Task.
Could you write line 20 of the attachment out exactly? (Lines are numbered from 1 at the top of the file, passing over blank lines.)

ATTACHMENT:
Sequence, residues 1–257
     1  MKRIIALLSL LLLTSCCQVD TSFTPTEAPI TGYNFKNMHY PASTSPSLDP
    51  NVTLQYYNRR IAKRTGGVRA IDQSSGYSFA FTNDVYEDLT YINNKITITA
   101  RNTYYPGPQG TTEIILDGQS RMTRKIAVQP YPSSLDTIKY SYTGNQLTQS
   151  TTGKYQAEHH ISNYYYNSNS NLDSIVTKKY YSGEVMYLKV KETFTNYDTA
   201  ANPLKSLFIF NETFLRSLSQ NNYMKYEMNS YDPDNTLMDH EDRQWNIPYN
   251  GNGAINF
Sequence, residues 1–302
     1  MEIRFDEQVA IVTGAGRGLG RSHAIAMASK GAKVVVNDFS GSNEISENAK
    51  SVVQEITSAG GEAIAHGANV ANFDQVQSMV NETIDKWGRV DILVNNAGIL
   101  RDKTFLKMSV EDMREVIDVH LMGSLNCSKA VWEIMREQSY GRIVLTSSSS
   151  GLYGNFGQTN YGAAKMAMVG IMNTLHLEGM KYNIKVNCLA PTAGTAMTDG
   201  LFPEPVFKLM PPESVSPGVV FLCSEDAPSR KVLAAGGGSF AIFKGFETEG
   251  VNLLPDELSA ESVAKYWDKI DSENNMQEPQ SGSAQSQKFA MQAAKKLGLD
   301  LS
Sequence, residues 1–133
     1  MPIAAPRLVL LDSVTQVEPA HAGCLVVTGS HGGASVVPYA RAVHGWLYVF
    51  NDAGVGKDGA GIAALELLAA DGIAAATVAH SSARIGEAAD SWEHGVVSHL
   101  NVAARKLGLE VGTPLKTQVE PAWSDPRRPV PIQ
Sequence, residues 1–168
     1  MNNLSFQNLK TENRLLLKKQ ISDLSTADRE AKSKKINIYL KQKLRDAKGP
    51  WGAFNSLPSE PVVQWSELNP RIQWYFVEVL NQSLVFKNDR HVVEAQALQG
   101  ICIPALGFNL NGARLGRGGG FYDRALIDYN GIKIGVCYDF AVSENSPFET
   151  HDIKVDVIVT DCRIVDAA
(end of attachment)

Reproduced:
Sequence, residues 1–168